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Law360, London (December 11, 2020, 4:19 PM GMT) -- A London judge has rejected a cafe owner's pursuit of Allianz for losses caused by the forced closure of its restaurant due to the COVID-19 pandemic, instead awarding the insurer's costs.
Judge Richard Salter QC struck out the High Court lawsuit brought by the owners of Kensington Creperie, which accused the insurer of denying an insurance payout under the cafe's £2.7 million ($3.6 million) plan.
Allianz Insurance PLC, which denied liability, was granted a summary judgment along with £59,949 in costs. The order, dated Nov. 12, says the decision was made with the claimant's lawyers "not having been put in funds."
The suit against Allianz is part of the expected surge of litigation against insurers from businesses saying they've been denied coverage for coronavirus-related business interruption losses even though they couldn't open their doors.
The cafe, located in an affluent area of London, said it shuttered its doors on March 21 in accordance with the public health regulation passed by government officials and has suffered financial losses due to the food that went to waste.
The cafe's owner, TKC London Ltd., did not attach a figure to its April lawsuit, saying its losses from the pandemic are "ongoing."
According to the suit, TKC has a commercial insurance policy from Allianz for a year period that began September 2019.
The insurance terms include coverage for business interruption loss "resulting from interruption of or interference with the business carried on by the insured at the premises in consequence of an event to property used by the insured" at the business premises.
The policy also includes indemnity for "accidental loss or destruction of or damage to property used by the insured at the premises for the purpose of the business."
Allianz argued its policy only covers work interruptions caused by theft and damage to property. The government's decision to close down businesses to stop the spread of COVID-19 doesn't amount to an insurable "event," the insurer stated.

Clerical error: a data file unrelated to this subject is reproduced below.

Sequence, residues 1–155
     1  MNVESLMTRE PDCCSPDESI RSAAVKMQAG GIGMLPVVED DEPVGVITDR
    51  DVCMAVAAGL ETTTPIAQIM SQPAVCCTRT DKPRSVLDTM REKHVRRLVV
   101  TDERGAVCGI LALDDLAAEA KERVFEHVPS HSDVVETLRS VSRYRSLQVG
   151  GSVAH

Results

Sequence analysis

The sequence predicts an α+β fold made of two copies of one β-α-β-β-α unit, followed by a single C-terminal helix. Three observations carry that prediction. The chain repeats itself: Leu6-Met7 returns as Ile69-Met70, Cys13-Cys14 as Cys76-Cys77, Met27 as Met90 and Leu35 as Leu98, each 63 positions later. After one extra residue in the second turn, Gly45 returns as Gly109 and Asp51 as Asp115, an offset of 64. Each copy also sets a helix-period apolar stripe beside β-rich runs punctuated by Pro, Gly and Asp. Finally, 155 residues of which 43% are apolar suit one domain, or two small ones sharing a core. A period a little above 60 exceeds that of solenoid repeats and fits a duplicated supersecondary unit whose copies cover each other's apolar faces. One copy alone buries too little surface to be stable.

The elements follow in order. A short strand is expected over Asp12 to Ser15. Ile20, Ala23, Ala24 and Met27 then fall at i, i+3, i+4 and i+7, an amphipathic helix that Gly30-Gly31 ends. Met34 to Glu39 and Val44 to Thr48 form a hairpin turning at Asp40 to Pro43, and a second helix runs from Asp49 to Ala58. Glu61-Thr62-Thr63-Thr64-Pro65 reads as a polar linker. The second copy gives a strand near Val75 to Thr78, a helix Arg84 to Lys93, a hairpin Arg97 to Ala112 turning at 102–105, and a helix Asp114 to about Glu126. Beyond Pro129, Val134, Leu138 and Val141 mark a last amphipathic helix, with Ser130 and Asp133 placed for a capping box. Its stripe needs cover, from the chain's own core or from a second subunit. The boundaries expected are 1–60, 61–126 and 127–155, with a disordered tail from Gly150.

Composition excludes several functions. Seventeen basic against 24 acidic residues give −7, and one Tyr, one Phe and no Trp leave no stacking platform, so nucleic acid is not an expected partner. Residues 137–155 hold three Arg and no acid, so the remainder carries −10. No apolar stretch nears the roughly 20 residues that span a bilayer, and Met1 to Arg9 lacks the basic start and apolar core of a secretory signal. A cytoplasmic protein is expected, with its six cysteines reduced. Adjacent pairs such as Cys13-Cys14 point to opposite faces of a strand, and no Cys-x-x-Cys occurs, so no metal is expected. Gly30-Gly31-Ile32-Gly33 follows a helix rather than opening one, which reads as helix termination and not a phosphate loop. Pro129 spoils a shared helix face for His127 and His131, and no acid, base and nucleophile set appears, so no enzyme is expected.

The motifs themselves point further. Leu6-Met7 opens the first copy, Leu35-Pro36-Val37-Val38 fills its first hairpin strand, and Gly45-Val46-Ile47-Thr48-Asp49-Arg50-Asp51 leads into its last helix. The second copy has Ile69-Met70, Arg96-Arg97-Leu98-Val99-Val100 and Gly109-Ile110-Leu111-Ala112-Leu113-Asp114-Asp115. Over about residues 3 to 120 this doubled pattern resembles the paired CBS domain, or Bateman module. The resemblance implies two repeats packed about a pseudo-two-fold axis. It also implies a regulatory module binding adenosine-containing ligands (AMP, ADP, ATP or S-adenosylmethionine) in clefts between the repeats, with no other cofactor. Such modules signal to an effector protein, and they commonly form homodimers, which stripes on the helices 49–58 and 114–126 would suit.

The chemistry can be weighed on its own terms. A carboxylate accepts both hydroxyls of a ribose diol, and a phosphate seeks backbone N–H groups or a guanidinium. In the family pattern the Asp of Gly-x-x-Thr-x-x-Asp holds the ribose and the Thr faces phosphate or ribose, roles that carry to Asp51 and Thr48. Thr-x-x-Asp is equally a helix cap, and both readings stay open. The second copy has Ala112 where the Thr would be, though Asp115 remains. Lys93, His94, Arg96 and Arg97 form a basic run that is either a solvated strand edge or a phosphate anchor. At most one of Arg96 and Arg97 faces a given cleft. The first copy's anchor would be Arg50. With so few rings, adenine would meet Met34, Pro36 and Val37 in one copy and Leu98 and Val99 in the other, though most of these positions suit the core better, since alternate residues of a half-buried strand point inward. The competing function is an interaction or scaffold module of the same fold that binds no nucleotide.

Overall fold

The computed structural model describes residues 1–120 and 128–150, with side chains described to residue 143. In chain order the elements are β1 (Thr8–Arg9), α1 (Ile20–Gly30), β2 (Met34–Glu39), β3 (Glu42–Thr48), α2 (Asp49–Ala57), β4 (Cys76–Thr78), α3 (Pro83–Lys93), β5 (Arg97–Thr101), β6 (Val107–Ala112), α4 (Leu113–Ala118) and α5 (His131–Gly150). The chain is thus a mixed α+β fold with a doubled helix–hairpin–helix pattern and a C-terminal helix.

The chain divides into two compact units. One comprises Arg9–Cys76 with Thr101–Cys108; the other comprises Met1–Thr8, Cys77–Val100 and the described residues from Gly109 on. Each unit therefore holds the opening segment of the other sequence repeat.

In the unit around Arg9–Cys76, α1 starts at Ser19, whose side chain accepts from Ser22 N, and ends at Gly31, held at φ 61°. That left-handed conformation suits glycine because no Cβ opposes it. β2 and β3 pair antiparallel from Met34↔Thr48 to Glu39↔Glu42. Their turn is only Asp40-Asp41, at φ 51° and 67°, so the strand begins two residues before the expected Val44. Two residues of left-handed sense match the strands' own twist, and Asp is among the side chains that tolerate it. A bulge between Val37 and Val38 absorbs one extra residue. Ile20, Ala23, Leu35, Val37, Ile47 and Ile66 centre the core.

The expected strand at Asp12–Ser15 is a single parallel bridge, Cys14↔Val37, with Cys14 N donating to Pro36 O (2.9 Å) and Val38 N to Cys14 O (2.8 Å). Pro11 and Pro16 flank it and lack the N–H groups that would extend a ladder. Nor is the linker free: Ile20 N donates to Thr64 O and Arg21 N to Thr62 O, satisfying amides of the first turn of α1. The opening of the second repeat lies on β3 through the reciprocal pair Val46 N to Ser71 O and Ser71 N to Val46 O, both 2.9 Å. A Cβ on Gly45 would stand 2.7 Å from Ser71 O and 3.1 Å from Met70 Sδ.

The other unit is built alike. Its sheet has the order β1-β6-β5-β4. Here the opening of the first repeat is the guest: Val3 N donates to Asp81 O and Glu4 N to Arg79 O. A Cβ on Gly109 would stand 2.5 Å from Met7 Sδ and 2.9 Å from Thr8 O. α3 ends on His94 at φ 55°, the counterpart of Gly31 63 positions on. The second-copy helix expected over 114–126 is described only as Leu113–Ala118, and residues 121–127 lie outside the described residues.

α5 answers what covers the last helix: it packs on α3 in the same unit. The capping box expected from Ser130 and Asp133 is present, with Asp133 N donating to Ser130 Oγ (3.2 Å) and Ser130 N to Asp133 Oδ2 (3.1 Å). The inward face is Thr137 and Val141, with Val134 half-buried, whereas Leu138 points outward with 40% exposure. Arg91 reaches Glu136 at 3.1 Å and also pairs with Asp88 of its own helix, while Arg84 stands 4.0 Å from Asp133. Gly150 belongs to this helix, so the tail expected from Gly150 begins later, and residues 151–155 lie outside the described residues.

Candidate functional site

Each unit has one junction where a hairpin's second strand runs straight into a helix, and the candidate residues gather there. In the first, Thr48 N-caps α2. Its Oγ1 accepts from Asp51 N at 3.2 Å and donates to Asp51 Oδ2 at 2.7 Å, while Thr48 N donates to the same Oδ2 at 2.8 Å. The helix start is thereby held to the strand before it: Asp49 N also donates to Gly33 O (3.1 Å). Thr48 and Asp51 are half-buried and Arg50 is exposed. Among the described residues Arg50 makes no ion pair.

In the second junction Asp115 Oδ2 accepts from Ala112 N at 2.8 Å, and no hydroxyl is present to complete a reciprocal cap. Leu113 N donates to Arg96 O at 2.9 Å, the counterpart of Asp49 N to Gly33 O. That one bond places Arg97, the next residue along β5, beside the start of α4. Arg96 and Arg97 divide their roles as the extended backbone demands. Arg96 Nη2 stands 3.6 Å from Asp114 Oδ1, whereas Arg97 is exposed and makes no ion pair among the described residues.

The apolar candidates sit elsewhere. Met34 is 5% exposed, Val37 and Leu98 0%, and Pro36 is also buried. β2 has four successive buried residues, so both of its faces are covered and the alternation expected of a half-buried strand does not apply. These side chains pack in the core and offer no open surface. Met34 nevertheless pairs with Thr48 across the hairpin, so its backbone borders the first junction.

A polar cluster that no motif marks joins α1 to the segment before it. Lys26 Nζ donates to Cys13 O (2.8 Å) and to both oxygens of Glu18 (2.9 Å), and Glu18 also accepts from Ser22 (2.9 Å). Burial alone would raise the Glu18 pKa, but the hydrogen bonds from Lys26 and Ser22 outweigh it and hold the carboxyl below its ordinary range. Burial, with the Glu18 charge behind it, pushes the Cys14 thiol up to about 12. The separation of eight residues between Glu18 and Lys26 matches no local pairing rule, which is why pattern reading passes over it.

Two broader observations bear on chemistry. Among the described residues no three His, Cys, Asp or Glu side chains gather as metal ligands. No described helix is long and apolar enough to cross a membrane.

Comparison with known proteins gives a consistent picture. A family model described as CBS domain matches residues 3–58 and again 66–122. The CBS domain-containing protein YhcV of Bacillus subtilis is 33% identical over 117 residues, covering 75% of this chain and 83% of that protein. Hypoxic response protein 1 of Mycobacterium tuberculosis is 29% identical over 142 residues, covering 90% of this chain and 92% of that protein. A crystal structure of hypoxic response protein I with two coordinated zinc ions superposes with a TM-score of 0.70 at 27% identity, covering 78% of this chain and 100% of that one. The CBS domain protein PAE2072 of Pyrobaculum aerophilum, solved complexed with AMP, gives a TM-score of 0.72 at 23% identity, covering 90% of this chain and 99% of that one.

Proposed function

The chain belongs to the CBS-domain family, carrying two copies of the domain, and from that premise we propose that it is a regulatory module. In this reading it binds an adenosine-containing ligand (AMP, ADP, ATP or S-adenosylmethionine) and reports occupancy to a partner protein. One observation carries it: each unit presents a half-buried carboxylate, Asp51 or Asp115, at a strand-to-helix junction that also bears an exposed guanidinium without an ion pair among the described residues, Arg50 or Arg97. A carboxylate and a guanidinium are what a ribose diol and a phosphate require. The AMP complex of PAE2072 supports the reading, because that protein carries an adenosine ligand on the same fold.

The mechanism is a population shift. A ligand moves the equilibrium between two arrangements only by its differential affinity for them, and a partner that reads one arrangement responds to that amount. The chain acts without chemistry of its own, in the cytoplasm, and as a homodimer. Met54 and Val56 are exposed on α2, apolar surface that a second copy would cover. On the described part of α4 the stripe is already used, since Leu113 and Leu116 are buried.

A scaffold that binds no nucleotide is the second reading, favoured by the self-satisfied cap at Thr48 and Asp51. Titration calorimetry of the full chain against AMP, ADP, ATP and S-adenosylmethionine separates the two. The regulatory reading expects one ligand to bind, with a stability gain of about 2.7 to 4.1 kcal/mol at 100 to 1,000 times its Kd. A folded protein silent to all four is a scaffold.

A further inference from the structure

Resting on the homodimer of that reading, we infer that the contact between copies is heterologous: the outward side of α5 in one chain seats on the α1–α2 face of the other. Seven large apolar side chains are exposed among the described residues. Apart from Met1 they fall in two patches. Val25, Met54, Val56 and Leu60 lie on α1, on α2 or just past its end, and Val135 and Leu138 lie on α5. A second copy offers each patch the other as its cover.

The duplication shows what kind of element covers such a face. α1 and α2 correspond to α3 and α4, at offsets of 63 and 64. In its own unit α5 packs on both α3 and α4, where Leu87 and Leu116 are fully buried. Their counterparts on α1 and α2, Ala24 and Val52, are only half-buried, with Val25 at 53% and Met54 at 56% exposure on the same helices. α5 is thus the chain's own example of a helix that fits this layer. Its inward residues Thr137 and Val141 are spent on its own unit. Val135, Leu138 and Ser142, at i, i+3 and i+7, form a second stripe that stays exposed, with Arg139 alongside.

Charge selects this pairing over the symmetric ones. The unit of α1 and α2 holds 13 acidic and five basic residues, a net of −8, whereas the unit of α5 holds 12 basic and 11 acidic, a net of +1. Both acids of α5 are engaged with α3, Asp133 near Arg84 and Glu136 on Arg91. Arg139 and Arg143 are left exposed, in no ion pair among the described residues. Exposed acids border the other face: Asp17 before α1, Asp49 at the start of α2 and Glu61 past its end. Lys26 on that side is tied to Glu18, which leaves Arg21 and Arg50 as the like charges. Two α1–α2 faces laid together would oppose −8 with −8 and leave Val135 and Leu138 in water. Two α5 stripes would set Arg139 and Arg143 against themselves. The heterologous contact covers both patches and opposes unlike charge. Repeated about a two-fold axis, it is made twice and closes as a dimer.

Allianz said that even if the cafe had been allowed to remain open during the lockdown, no one would have been able to come owing to restrictions on travel and group gatherings.
In September, the High Court ruled that insurers should have to pay out on claims to approximately 370,000 businesses forced to close during the lockdown in a landmark test case brought by the Financial Conduct Authority. The decision has now been referred to the Supreme Court.
The test case will have wide implications not only for the companies seeking to claim under their business interruption policies for the pandemic, but also for principles of causation and trends clauses in future cases.
TKC London Ltd. is represented by Tim Marland of Quadrant Chambers, instructed by Memery Crystal LLP.
Allianz is represented internally by Keir Howie of 7KBW chambers.
The case is TKC London Ltd. v. Allianz Insurance PLC, case number CL-2020-000219, in the Commercial Court of the High Court of Justice of England and Wales.
--Additional reporting by Christopher Crosby. Editing by Marygrace Murphy.
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